Hot Take: It’s a rare not horrible sequel (which is actually a prequel) and a rare not horrible horror movie. It’s still mediocre but has plenty of scares to please those looking to not sleep.
I’m not a huge fan of being scared. That made Ouija: Origin of Evil somewhat difficult to sit through. The film’s ’60s setting acts as an origin story to the original Ouija which was widely accepted as terrible despite a solid box office performance. The box office was strong enough to spawn this prequel and Ouija: Origin of Evil outshines its predecessor in every way.
First, the film nails the 1967 setting. It feels like a piece ripped from the period. It has a fleshed out back story for the family that it doesn’t overuse (the death of the patriarch of the family) and it has what almost every horror movie has these days — a creepy kid, Doris (Lulu Wilson). The film’s only problem is that the first half is so good that when the second one starts to derail, you can’t help but be disappointed that what you’re watching isn’t going to escape mediocrity.
If there’s a consolation prize, Ouija: Origin of Evil doesn’t ever feel like it cares about following the typical third act arc. The outcome of good vs. evil is always in question and since this is a relatively “spoiler free” zone, we won’t reveal if good triumphs. Outside of Wilson as the creepy kid, the rest of the movie contains committed, solid performances in what turns out to be a well casted horror flick. The family’s resemblances are enough to make you believe this is actually a real family. Elizabeth Reaser plays Alice, the matriarch of the family, and daughter Paulina is well played by Annalise Basso who also delivered an excellent performance in Captain Fantastic. Henry Thomas as Father Tom is also very good in his role.
Throughout the film, the creepiness of Wilson is what delivers the most scares. Every time she shows up on screen (even before the Ouija board is introduced to the family), something doesn’t feel quite right. The movie adds a few other creepy horror staples that act as false idols including creepy dolls and equally disturbing house.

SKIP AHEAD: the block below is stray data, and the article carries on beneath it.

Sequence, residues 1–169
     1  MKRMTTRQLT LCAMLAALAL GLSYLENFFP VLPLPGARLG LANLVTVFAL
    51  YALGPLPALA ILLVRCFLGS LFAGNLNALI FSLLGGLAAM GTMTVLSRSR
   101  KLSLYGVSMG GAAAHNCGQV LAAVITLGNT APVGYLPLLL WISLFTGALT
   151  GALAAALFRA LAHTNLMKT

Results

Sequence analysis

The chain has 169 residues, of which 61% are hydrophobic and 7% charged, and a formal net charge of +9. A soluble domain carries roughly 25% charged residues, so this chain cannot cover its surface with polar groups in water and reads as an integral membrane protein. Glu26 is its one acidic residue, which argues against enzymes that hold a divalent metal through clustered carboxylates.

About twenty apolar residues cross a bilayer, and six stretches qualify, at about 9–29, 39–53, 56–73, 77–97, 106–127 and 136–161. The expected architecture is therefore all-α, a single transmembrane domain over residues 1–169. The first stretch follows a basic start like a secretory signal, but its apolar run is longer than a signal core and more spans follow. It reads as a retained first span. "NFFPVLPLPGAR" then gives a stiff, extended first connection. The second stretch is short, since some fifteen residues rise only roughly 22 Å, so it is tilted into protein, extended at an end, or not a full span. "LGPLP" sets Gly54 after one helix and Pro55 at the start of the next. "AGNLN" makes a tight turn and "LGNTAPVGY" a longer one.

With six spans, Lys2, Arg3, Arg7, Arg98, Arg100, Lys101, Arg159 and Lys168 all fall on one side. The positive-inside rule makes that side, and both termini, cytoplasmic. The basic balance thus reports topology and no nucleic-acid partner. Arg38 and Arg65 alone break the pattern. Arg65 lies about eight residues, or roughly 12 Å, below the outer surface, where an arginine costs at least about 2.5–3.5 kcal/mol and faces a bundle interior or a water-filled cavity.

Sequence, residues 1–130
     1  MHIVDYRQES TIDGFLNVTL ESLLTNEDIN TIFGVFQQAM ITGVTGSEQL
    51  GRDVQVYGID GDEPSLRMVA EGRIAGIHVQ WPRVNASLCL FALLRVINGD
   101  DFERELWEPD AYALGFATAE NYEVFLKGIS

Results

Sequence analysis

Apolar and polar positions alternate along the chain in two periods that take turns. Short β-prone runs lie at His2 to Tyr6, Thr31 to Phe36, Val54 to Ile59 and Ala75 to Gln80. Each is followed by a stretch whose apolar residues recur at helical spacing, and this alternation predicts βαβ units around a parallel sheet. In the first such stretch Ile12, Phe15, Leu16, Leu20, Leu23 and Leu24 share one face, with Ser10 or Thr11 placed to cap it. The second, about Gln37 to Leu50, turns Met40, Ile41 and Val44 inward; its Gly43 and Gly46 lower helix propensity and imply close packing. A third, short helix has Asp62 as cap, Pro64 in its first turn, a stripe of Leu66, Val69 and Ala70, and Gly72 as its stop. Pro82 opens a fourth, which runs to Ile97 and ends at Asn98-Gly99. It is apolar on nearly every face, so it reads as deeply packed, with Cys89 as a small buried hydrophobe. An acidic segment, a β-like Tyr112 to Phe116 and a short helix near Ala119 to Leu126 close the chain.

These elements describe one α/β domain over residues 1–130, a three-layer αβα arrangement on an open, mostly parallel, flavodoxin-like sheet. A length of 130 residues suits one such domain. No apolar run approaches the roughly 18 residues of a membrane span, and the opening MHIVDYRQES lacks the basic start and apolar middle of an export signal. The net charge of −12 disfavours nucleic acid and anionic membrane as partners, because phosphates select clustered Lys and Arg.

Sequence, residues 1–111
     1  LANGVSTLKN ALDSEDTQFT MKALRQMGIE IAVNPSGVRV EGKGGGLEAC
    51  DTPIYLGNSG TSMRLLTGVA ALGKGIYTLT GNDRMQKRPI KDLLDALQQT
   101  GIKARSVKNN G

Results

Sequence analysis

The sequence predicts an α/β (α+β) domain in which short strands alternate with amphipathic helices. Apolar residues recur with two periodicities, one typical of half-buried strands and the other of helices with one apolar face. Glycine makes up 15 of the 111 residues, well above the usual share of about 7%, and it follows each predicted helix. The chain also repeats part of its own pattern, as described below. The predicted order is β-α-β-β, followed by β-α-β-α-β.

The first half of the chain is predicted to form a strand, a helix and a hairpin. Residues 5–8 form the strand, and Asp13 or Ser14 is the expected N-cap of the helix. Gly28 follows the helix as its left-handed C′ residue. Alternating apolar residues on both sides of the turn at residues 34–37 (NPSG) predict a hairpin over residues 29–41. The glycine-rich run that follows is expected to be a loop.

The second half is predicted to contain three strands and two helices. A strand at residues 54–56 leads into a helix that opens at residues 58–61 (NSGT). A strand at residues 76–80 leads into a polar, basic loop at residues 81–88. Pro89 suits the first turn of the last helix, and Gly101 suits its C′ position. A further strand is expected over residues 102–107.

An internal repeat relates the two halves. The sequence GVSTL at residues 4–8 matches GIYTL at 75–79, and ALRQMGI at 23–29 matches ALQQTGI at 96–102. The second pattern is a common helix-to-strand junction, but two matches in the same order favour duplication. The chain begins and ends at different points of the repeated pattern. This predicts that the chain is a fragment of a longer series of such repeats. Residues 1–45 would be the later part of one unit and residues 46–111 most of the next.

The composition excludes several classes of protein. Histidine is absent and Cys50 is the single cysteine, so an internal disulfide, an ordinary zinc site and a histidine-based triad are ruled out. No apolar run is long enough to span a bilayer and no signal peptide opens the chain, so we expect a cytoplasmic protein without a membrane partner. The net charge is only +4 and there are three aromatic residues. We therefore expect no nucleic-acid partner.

Unfortunately, the third act loses a lot of credibility as its tough to reconcile the events occurring on screen. Logic and reason are thrown out the window and its up to the audience to suspend disbelief. While the first half definitely does a good job of earning some credibility in the “Something weird is going on here” department, it’s not enough to carry through the climax of the fright flick as liberties are taken to deliver some relatively big scares. Once the adrenaline stops pumping and rational thought comes in, it’s hard to buy some of the movie’s decisions on how to play out the course of events.
Give writers Mike Flanagan and Jeff Howard credit, though. They didn’t have much to work with from the first film but manage to deliver a competent albeit mediocre scare show. Flanagan is also responsible for the directing and the pair of writers have now proven with 2014’s Oculus and now Ouija: Origin of Evil, they will be a force to be reckoned with in the supernatural horror genre.
“Spoiler Free” Pros
- The Creepy Child
Sometimes this doesn’t work but it definitely works in Ouija: Origin of Evil. Give Lulu Wilson all the credit as she plays the part almost perfectly.
- That ’60s Show
The movie is detailed in its capturing of the ’60s look and feel. There’s attention given here that doesn’t go unnoticed.
“Spoiler Free” Cons
- The First Half Outshines the Second Half
Unfortunately, the build up is better than the eventual outcome. It makes the movie a let down overall.
- It’s Still A Sequel (Well, Prequel)
In a week where the box office is crowded enough, the fact that your selections include two sequels and a third (Boo! A Madea Halloween) featuring a recurring character, somewhere the sequel madness has to subside a little, right?